At the beginning of the year, we re-asked some questions on where people view the parties, the party leaders and themselves on the left-right spectrum - questions we've returned to a couple of times a year since we first asked in 2002. Political views these days probably can't be so easily characterised on a single left-right axis, but it still serves as a good measure of how close people see the political parties to themselves.
There are some interesting patterns on display. Firstly the Conservatives and David Cameron are seen as being as almost right wing as they were under Michael Howard. Cameron's score on the left right scale (where -100 is very left wing and +100 is very right wing) is +48, compared to Michael Howard's score in 2005 of +52. The Conservative party in general scored +53 in 2006, now it scores +47, not significantly more centrist.
This is not to say that the whole strategy of making the Conservatives look more centrist and moderate failed. It succeeded...for a while, then around 2009/2010 perceptions of the Conservatives moved rightwards again (probably as they were forced to talk about deficit reduction and cutting public spending, as opposed to their strategy of focusing on the environment and public services during the early years of Cameron's leadership). From +53 in 2006 the Conservatives had moved in to +37 by 2009, before moving out again in 2010. Cameron started at +35 on the scale in 2006, and moved into +28 by 2009 before slipping rightwards. Whereas once Cameron was seen as to the left of his party, he and his party are now seen as equally right-wing.
Moving onto Labour and Ed Miliband, the perception of Miliband as 'Red Ed' seems to have found some traction with the public. On the left-right scale he is viewed as being as left-wing as Cameron is right-wing, with a score of -45. He is perceived as being more left-wing than Gordon Brown, who as Prime Minister received scores of between -20 and -27, and vastly more left-wing than Tony Blair who used to be perceived as slightly right of centre, with scores of +3 to +7.
While not seen to be as left-wing as its leader, the Labour party itself is also seen as having moved significantly to the left since the General Election. In May 2010, it received a score of -27, and in the latest poll its average rating is -39. Coupled with the Conservative move to the right, this means the public perceives our political parties to be more polarised than they have done for at least a decade.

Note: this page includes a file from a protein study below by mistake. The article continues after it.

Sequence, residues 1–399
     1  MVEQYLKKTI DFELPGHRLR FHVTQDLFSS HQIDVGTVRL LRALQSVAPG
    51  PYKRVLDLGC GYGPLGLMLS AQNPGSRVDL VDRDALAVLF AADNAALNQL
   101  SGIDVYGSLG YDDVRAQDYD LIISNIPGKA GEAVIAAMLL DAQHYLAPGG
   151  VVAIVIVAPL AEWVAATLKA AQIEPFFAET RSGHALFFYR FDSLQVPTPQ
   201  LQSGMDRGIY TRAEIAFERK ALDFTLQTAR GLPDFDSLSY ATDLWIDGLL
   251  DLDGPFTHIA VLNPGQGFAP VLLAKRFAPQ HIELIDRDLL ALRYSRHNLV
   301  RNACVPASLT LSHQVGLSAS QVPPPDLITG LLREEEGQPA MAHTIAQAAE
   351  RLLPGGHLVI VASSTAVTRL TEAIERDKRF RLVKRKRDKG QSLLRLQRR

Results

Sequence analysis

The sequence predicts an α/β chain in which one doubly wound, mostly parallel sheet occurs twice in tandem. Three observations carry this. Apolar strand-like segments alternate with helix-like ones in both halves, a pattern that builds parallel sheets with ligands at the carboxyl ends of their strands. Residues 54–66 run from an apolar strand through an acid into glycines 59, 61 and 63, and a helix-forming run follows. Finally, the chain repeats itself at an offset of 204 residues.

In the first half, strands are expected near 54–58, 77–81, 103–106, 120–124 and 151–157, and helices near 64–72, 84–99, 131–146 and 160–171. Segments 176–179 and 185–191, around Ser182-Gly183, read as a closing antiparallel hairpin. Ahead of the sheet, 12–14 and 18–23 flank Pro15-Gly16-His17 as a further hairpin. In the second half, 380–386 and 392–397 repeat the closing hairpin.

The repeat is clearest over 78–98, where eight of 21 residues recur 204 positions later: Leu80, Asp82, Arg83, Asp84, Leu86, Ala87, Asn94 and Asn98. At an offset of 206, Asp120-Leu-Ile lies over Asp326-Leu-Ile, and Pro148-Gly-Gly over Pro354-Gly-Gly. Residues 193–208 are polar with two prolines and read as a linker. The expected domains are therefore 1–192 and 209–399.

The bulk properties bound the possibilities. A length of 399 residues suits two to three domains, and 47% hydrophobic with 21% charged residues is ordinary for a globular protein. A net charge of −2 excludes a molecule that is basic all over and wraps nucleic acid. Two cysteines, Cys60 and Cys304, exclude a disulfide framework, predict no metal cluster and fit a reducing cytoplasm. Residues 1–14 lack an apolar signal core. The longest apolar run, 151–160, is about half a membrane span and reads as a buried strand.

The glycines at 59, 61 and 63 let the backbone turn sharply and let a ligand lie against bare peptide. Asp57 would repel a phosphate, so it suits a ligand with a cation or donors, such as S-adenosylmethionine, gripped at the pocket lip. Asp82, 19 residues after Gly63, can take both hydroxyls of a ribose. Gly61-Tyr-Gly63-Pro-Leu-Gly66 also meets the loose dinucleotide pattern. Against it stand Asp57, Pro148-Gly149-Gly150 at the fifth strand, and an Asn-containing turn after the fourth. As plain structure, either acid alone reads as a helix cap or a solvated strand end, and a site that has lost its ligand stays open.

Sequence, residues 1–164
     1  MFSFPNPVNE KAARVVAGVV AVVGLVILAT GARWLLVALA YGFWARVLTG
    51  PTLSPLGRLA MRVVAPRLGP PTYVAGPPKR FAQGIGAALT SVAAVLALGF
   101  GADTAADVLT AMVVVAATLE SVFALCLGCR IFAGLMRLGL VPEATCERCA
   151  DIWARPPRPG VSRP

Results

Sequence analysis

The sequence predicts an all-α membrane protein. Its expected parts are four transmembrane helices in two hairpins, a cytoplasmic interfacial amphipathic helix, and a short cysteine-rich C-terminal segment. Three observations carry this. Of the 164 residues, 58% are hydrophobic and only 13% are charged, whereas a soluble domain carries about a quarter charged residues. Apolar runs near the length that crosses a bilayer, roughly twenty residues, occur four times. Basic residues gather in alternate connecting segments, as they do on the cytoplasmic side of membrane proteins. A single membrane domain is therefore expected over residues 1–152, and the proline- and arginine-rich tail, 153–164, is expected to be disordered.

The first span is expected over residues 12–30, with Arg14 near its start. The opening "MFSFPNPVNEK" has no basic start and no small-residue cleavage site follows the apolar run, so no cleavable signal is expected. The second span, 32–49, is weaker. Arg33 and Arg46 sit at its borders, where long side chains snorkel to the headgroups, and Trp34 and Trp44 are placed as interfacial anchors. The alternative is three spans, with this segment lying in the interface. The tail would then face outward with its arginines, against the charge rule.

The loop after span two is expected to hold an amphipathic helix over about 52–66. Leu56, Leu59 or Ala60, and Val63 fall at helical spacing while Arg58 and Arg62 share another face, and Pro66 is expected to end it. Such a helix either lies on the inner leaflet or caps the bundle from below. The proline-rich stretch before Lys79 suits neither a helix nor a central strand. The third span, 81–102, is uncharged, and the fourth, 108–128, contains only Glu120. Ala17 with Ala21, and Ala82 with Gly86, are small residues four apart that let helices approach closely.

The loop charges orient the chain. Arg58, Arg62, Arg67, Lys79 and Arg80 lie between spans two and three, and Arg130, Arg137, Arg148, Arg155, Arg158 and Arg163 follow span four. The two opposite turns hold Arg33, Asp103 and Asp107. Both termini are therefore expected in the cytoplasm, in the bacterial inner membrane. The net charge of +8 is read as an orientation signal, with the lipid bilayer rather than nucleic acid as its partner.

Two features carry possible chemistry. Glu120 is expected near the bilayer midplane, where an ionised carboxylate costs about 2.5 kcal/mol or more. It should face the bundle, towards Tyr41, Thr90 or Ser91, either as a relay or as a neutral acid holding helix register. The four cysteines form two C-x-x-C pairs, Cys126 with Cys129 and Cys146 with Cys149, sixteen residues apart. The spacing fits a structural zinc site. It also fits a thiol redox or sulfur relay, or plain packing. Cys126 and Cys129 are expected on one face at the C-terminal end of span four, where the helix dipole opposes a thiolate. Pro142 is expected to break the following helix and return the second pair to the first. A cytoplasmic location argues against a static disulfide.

Finally we come to the Liberal Democrats, and the impact their entry into Coalition with the Conservatives has had upon their image. Until the General Election, the Liberal Democrats had consistently been perceived as a left-of-centre party, scoring between -9 and -17 on the left-right scale. They are now viewed as being almost exactly in the centre, with a score of +1. Nick Clegg himself is now seen as firmly right-of-centre with a score of +10.
Given that the public themselves inevitably place themselves in the centre, this should in theory be good for the Liberal Democrats. In fact the Liberal Democrats have managed to secure the worst of all worlds. People who consider themselves as being left-wing tend to view the Liberal Democrats as being right wing. People who consider themselves as being right-wing tend to view the Liberal Democrats as being left wing.
As a footnote, the data also gives us firm evidence of what most people assumed anyway - that the votes the Liberal Democrats have lost since the election have been their more left wing voters, leaving them with a somewhat more centrist rump. 'Lost Liberal Democrats' (those who voted Lib Dem in 2010 but wouldn't tomorrow) place themselves on average at -20 on the left-right scale. Those who have remained loyal place themselves on average at -6.